Decision making, regardless of type, is stressful. Eliminating unnecessary mental energy is essential to staying sharp in the present. So, let’s make as few non-vital decisions as possible. Having sensible defaults lets you declutter your mind, cut down on non-vital decisions, and helps you create routines.
Sensible defaults reduce friction and provide simplicity in all areas you can think to apply them.
You might say that by making these choices in advance you’re reducing the spontaneity in your life in terms of trying new things, to which I’ll say that you’re already doing the thinking in the beginning before deciding on the final choice.
This begs the question — how do we find (and set) sensible defaults? Well, we find what works and we stick with it. That’s it. If it ain’t broken, why fix it?
Whenever you find yourself making a buying choice, be sure to account for the longevity of the product in question, because that will remove the need for making future choices about that thing.
Remember less and better? Have fewer things/experiences, but only the best ones. Quality trumps quantity any day of the week.
Just because you have sensible defaults doesn’t mean that they are set in stone and that you can’t change them. For instance, with my lunch template (carbs, veggies, protein), I can choose not to use it and instead head out to eat without following any template. Sensible defaults allow you to fall back on them when you don’t have anything else to choose.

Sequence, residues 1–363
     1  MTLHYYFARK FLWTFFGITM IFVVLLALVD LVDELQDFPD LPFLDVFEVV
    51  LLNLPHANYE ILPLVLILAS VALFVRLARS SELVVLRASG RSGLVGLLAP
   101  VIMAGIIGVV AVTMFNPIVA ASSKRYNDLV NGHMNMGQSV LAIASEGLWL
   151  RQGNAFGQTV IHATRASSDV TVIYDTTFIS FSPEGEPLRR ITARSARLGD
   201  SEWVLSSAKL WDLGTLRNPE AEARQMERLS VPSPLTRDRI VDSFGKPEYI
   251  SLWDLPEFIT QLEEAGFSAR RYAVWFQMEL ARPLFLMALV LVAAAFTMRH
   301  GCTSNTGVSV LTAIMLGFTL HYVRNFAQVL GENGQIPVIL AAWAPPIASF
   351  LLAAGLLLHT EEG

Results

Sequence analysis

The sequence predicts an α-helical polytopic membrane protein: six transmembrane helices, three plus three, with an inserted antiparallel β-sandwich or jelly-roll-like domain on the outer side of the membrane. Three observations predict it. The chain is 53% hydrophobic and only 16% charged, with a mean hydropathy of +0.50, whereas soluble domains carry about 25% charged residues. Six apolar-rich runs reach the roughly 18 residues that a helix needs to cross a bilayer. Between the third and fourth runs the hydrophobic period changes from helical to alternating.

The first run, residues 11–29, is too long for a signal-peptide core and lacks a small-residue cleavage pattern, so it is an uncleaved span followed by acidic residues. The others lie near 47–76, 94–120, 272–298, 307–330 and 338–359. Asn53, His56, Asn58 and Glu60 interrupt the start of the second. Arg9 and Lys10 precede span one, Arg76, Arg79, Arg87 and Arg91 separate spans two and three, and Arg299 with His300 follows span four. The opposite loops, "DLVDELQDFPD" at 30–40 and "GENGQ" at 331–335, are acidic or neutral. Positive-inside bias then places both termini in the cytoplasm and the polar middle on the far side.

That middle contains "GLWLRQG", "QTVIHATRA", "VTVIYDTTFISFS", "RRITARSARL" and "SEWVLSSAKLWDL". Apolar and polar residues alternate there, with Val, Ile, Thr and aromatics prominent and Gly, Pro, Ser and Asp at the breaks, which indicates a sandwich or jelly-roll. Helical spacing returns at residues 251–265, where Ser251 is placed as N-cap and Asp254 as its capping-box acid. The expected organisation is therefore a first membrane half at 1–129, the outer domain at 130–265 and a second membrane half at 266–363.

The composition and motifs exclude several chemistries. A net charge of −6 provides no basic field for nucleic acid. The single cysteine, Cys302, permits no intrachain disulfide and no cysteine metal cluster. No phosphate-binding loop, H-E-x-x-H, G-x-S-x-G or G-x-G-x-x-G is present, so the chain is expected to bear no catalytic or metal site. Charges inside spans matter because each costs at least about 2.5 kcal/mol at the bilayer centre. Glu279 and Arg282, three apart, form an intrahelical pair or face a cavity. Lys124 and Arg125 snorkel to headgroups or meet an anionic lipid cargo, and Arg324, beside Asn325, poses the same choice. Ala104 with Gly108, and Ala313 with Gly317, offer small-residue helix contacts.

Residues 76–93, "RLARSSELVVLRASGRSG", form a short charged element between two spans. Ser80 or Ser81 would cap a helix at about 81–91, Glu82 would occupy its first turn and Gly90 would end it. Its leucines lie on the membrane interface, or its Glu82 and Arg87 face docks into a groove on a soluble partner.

So how do you apply sensible defaults effectively in everyday life?
It could mean eating the same thing for breakfast five days a week. If you’re going to do something every day, you might as well decide once instead of making the same decision every day. This is not to say you do it every day without thinking — you could still evaluate what you’re doing once a week and decide if you want to continue what you’re doing, modify it, or stop doing it altogether.
Another instance is the laptop I use — an Apple computer. I’ve been using notebooks from Apple for many years. Not just notebooks, but I’ve been using other products from them as well. Why? Because they work well for me. They have for many years. They work well together in their Apple ecosystem/platform. Besides, why learn another platform like Microsoft or Android (or any other) when I’m already familiar with how things work with Apple? I have neither the time nor the inclination to learn something new if something is already working for me, even when there might be a “better” computing platform out there.